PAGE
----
The book of Tobit begins with the story of the elder Tobias, who, echoing the misfortunes of Job, is struck with blindness and reduced to poverty. Like Job, Tobias prays to God for help, only to be mocked by those around him. While Tobias suffers poverty and blindness, his relative, Sara, is likewise burdened by a demon who kills her potential husbands on the wedding night. Like Tobias, Sara prays to God for help and is scorned by many around her.
In His divine wisdom and mercy, however, God sends the angel Raphael to help both of them. It should be noted here that both Tobias and Sara were noted for their piety, and Tobias was especially known for his acts of charity, which drew the attention and favor of the Divine Majesty.
Thinking he is nearing death, Tobias sends his son, the younger Tobias, to the city of Rages, in which Sara lived, to collect a debt. Along the way, the younger Tobias, who is joined on his journey by his loyal dog, is met by a mysterious man, whom he later learns to be the angel Raphael. Tobias catches a fish on his journey and Raphael, who tells Tobias that his name is Azarias (which means "help of God" in Hebrew) informs Tobias that he should remove the heart, gall and liver of the fish to be used later as medicine.
Upon reaching Rages, Raphael takes Tobias to Sara's house and announces that he is to marry her. In order to drive out the demon who is attacking Sara and her potential husbands, Raphael has Tobias burn the liver of the fish, which does, in fact, drive the demon out to Egypt, where the angel Raphael binds him.
It is interesting to note that St. John of the Cross comments on the innards of the fish representing, in this case, purification of the soul. He also notes that those grooms whom the demon had killed were drawn to Sara by lust, not by a chaste love.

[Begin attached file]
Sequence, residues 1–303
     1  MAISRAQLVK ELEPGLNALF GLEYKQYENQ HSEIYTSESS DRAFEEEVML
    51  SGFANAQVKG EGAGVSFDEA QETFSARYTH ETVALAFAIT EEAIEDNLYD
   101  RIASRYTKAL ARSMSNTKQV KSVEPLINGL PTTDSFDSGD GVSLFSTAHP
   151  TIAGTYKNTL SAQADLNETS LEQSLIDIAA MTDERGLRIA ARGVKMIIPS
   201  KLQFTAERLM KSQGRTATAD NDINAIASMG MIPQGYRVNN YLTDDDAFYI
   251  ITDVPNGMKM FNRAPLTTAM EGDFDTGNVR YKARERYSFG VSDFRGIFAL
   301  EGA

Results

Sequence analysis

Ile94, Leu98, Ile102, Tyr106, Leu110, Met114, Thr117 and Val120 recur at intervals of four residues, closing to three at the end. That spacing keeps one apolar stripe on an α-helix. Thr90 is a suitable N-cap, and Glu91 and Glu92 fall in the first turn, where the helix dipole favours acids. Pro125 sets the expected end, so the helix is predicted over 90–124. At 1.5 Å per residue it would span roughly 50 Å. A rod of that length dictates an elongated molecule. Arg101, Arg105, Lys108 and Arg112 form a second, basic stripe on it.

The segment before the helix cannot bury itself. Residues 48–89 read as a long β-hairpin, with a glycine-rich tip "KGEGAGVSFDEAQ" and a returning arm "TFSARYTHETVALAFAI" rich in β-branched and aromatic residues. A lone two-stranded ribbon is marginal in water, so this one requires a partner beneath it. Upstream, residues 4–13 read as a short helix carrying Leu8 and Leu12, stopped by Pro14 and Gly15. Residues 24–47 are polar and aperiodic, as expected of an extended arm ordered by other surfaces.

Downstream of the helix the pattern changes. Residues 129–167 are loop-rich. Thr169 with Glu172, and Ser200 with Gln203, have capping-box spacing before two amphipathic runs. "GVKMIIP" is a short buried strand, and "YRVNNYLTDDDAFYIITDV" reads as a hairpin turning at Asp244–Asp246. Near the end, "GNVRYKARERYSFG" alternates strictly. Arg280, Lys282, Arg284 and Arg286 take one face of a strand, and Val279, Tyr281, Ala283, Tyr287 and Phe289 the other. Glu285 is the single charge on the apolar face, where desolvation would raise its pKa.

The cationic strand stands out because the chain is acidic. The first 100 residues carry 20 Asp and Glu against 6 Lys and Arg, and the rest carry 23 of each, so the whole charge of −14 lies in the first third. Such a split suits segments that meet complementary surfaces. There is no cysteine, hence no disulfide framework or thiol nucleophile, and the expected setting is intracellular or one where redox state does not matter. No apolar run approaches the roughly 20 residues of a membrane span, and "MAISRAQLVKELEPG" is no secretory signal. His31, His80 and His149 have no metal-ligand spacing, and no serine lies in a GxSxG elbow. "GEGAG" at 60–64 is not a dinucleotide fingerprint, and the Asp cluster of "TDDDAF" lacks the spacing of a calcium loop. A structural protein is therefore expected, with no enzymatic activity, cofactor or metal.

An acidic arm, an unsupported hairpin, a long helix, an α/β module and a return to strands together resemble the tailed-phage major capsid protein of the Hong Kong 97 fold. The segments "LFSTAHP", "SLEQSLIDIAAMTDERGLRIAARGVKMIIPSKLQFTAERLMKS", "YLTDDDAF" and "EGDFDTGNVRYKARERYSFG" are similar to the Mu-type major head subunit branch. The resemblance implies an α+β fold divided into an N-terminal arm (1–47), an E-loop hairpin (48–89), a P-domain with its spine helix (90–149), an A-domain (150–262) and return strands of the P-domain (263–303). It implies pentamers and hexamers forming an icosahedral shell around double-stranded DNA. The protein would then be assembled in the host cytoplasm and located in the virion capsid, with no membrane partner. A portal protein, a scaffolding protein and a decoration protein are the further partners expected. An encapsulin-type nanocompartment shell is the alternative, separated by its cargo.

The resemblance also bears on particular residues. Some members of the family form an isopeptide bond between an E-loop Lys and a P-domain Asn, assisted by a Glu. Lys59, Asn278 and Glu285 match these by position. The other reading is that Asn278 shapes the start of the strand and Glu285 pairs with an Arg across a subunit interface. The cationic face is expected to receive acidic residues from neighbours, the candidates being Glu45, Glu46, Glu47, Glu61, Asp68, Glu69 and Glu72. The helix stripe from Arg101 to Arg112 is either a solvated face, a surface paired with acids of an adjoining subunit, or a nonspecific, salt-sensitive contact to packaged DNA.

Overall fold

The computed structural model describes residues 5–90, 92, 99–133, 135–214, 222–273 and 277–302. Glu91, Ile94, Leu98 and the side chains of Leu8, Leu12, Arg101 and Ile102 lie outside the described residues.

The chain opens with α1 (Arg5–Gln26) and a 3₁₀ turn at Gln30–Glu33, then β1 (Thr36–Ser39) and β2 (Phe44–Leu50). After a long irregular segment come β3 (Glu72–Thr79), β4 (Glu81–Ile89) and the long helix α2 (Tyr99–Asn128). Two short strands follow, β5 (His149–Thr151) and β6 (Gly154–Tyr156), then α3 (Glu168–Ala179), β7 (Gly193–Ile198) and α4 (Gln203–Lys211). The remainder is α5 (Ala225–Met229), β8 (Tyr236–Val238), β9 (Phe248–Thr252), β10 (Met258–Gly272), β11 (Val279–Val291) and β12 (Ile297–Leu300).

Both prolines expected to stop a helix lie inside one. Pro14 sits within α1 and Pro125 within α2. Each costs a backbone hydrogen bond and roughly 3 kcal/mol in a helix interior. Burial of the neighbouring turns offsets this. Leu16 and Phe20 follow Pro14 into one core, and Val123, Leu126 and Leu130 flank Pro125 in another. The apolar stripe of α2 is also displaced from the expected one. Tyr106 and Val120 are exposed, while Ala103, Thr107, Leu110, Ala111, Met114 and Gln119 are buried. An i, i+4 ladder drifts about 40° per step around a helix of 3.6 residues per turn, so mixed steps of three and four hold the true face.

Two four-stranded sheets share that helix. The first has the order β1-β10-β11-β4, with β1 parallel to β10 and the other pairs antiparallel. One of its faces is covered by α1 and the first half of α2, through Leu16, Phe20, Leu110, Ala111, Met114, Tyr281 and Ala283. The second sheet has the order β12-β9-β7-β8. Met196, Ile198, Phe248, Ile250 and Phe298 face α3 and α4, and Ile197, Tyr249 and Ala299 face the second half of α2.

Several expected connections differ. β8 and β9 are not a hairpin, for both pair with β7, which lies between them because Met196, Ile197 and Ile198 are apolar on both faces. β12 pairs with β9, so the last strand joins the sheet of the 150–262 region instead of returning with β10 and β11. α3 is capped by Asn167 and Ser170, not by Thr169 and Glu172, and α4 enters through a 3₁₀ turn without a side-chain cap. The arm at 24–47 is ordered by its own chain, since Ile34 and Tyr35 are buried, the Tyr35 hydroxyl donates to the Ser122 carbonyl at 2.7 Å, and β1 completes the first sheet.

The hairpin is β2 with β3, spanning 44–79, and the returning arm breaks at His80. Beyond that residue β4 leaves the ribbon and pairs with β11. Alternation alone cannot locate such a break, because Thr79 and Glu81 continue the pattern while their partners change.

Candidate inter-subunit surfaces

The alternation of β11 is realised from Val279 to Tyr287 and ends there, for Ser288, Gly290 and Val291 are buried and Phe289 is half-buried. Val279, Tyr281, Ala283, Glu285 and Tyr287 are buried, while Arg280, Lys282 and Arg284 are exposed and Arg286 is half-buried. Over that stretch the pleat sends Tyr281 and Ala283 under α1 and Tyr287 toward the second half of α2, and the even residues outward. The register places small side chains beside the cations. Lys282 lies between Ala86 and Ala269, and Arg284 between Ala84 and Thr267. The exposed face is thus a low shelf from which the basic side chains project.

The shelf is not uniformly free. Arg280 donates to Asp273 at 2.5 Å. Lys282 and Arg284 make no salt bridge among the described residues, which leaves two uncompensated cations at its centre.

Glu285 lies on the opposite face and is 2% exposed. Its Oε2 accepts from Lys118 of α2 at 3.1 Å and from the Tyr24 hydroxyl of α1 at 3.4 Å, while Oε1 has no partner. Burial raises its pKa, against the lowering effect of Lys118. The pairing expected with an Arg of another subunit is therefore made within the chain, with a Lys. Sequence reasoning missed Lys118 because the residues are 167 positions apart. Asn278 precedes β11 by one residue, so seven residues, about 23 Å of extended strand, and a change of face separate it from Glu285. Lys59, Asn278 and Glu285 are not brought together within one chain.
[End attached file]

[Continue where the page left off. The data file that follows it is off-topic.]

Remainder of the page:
Upon returning home to his joyous parents, Tobias utilized the fish's liver to cure his father, the elder Tobias, of blindness. It is possible that this story may have profound significance in our own day. Not only does it tell of the tremendous helpfulness of St. Raphael, it also notes the importance of charity and purity of heart — especially for those preparing to enter marriage.
We are told in Our Lady's message of Fatima that the battle over marriage and family will be won by her Immaculate Heart. It is, therefore, our duty as Catholics to conform our hearts to Our Lady's Immaculate Heart and Our Lord's Sacred Heart through penance, acts of charity and conformity to the will of God.
Let us pray to the archangels Raphael, Gabriel and Michael (who also has a special role in the Fatima message) for the strengthening of our families and marriages through the aid of the Immaculate and Sacred Hearts — devotion to which will ultimately lead to peace in our homes and lives.
In the traditional calendar, St. Raphael's feast is on Oct. 24; in the new calendar, it is on Sept. 29. There is a novena and even a litany to St. Raphael, as well as an interesting booklet available from Tan Books.